In this marathon 2008 Presidential primary and national election season, we have been exposed to a lot of candidates and a lot of campaign staffs. Thinking back the candidates fell into certain catagories. These catagories were differentiated by how much the average citizen was attracted to the candidates and how their staffs projected them. Here is my ranking of the candidate catagories.
1. Early in, early out. This group included Chris Dodd, Joe Biden, Mike Gravel, Ducan Hunter, Tom Tancredo, Tommy Thompson, Sam Brownback, and Jim Gilmore. These candidates announced early, gave a few good speeches, and dropped by the wayside. They were either one issue candidates or were simply too unknown to stir the hearts of a nation. Their campaign staffs stuck pretty much to the basics and acted honorably.
2. A little flash, then the dash. This second group contained John Edwards, Bill Richardson, Rudy Giuliani, Mitt Romney and Fred Thompson. This group appealed to a national base and chose certain themes that excited narrow interests. Their campaigns searched for ways to differentiate the candidate but in the end it was the amount of money they had raised that determined their early departure.
3. The glorious twins. At opposite ends of the political spectrum, but thoroughly committed to their advocacies, Ron Paul and Dennis Kucinich represented what is truly great about politics. These two campaigners presented their cases in a straight forward and above board manner. Interestingly Ron Paul struck a chord across a wide spectrum of voters and did so without slamming any opponent. (Ralph Nader could take lessons.) Both candidates simply could not get enough votes.
4. The second best hands. In this next to last group we find two serious contenders who played to special interests while trying to appeal to everyone. Mike Huckabee and Hillary Clinton ran legitimate campaigns that arguably could have won had either of the presumptive candidates stumbled. In this near “winning” group, however, we see the campaign team departing from who the candidates tried to say they were. Worse, we saw Mike and Hillary stooping to enlarging the truth about themselves and omitting or misleading the truth about their opponents. Lost was the discussion of issues and why they would be able to deliver on their promise, and instead it was why they were a better choice than their opponent.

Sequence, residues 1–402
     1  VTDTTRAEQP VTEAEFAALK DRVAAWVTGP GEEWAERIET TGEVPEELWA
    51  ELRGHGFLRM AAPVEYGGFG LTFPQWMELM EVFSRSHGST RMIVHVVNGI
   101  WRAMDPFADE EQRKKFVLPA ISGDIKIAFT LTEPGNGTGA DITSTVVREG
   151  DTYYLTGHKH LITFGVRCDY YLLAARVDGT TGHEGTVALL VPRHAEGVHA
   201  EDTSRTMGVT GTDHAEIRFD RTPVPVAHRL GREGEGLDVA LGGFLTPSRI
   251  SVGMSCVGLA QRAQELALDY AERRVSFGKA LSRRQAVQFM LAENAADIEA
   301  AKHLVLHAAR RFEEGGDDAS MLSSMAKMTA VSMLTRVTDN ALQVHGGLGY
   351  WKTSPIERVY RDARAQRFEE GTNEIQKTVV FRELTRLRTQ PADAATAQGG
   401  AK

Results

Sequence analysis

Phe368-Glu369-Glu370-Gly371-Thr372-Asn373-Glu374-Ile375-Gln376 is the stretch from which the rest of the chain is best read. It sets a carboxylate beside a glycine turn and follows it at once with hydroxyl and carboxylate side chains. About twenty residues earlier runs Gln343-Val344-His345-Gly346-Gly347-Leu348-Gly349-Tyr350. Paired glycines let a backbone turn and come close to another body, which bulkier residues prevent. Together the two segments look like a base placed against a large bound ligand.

5. The presumptive candidates. John McCain and Barack Obama are the two left standing. In full glory we now see the campaigns and we must strain to see the candidates themselves. The mud has begun to fly and soon it will be impossible to know which one threw first. Money is still king and the one with the most will have a big advanatage (no surprise). This time around the Democratic candidate will have plenty of money and could outspend McCain.
Having lots of money is necessary but also comes with its own limitations. The major problem is who will decide what image is portrayed for each candidate. You would hope it is the candidate himself but don’t jump too quickly to that conclusion. This is a great test of the commander in chief skills that Obama and McCain possess. Can they keep to the facts and proposed policies, or will they resort to fear and slander?
This is also an important time to listen for signs that either candidate will lack the prerequisite skills to be a chief executive and become a disappointment like George W Bush. Bush looks Presidential in pictures but that is the end of it. He has been unable to select sensible policies, choses fear and division to distract voters, and has been a complete failure at managing the business of Government. We must look carefully at both candidates and select the one who will try to unite all Americans, has policies that fit the US now, and who has the stamina and interest in seeing the work of Government finished.